Hailing from the county of Baker in Georgia, the obscure Piamus Walter Jones is profiled today, and his rather odd first name is worth mention, as there are a total of three variations in its spelling floating around online! While the rare portrait of him above (located in the 1882 work entitled Georgia's General Assembly of 1880-81) has his first name listed as "Primus", his gravestone in Baker County denotes it as "Piamus". The spelling is further complicated by a listing for a "Priamus Walter Jones" on a few Rootsweb genealogical-related websites. Despite all of these spelling variations floating around, I usually consider a person's gravestone to be the final arbiter in such matters, hence why Jones is listed as "Piamus (Primus) Walter Jones in the title to his article here.
A lifelong resident of the Peach State, Piamus/Primus W. Jones was born in Meriwether County on May 10, 1844, the thirteenth of fifteen children born to John Jones (1802-1874) and his wife Elizabeth Strozier (1807-1892). The Jones siblings are listed as follows in order of their birth: Anne V. (1826-1920), John W. (1828-1849), Reuben (1829-1874), Franklin Chandler (1830-1891), Willis (1831-1843), Louisa (1832-1916), Orrie (1832-unknown), Emily (1833-1861), Chandler (1834-1899), Enoch Callaway (1837-1916), Desdemona (1838-1841), Morgiana (1840-1915), Piamus (1844-1890), Otis Smith (1845-1880) and Montgomery (born 1848). John Jones was a prominent planter, and was "in his time the leading cotton planter of Georgia." Piamus/Primus is remarked by Georgia's General Assembly as "enjoying a happy boyhood, mixing hunting, fishing and outdoor sports with work and study" but no mention is given as to where he received his schooling.
Engaged in farm work while still a young man, Jones learned the cotton planting trade from his father and became very successful, eventually becoming the owner of 2,500-acre cotton plantation in Baker County. Jones is remarked by more than one source as being a veritable king of the cotton industry, and was noted as having "carried his name into every cotton mart in the world by yearly bringing in for sale the first new bale of cotton for the season." In addition to cotton, Jones is mentioned as raising a large vegetable crop at his residence. Because of his being the producer of the first new bale of cotton every year, Jones was labeled in his death notice as the "first bale man", a fitting tribute for a man so involved with the cotton industry.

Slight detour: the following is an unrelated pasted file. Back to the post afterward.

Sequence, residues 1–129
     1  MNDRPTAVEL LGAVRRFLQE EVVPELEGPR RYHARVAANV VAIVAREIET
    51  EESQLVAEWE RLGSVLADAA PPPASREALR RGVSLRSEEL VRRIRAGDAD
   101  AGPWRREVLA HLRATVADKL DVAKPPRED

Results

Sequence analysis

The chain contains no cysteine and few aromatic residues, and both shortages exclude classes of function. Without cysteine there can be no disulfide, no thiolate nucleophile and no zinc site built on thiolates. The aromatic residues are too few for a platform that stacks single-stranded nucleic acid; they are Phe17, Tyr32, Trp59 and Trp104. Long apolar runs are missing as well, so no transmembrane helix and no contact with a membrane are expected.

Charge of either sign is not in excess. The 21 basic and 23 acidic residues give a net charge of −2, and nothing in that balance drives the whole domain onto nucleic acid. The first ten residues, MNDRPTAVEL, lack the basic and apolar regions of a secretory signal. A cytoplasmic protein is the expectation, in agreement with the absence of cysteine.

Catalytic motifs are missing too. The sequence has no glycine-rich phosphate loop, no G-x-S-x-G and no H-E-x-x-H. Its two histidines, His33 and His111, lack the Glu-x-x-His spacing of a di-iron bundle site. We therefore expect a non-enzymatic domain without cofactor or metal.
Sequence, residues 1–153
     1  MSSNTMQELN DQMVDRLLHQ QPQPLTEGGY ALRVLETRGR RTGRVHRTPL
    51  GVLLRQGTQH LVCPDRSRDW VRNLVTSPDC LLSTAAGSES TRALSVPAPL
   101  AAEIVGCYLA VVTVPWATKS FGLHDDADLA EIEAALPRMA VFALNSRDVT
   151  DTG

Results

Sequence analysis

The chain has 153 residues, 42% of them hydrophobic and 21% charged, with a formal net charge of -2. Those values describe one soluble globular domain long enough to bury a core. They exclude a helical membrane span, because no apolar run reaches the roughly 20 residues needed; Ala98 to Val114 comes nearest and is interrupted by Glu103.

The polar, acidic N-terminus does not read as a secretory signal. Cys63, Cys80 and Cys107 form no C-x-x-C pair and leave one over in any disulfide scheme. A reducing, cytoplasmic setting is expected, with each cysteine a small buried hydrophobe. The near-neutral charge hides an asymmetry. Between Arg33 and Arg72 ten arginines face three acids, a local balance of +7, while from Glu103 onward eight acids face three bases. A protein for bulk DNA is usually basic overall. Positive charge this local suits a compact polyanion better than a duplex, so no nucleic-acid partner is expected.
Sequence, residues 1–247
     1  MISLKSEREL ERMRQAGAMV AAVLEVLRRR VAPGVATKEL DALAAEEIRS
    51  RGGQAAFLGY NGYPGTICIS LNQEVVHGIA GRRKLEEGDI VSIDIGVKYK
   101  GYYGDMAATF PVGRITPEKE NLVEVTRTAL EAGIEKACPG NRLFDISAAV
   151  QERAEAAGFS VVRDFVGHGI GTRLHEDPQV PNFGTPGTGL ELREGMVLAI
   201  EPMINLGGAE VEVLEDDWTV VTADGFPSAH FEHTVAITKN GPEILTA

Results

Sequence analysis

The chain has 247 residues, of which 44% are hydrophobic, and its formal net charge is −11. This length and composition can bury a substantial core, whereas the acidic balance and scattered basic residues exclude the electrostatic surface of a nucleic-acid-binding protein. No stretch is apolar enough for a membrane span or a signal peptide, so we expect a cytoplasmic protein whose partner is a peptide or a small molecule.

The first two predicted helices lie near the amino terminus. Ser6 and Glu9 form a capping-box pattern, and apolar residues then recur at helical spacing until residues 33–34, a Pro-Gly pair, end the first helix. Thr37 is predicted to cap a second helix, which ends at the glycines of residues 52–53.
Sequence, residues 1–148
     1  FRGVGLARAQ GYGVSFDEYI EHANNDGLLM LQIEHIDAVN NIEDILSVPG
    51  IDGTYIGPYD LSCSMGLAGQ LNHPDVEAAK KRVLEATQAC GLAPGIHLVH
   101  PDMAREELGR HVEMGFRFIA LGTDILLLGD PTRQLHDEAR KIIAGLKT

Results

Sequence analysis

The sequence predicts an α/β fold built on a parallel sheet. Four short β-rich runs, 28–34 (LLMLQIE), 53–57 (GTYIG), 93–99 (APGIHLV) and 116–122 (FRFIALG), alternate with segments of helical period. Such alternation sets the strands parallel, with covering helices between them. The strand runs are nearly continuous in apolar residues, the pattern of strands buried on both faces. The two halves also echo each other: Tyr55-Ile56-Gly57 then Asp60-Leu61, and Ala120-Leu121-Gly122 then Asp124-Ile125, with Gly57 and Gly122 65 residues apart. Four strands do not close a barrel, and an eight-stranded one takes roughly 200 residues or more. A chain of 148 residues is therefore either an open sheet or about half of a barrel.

A lifelong bachelor, Jones is recorded as "growing more cotton to the plow than any other man in Georgia" and with his statewide reputation as a farmer and grower, came calls for him to run for public office. In 1880 he won election to the Georgia State House of Representatives from Baker County and served in the legislative sessions of 1880-1881, 1886-1887, 1888-1889. During the 1886 session Jones introduced legislation advocating the construction of an experimental agricultural station in Georgia, and his advocacy of this idea received a write-up in the January 1886 edition of the Southern Cultivator, Volume 44, posted below.
Jones's tenure in the state legislator was marked as one of "zeal and faithfulness unbiased by partisan feeling", and was well respected by his Baker County constituency. Jones died at the age of 45 on February 9, 1890, in Atlanta and was memorialized in his Calhoun Times death notice as "being one of the most advanced farmers in the state." He was interred in the Oakland Cemetery in Atlanta and his stone (shown below) bears the inscription "First Bag Man" which I found quite perplexing when I first saw a picture of it a few weeks ago! Not knowing of his cotton-planting activities at the time I wondered if Jones was indeed a "bag-man" (a collector/distributor for racketeers). While this proved not to be the case, the "bag-man" inscription is actually a lasting testament to his bringing in the first cotton bale at the beginning of the season. A portrait of his gravestone (found via the billiongraves.com website) is shown below.
Jones' death notice from the February 13, 1890 edition of the Calhoun Times.
Courtesy of the Billiongraves.com website.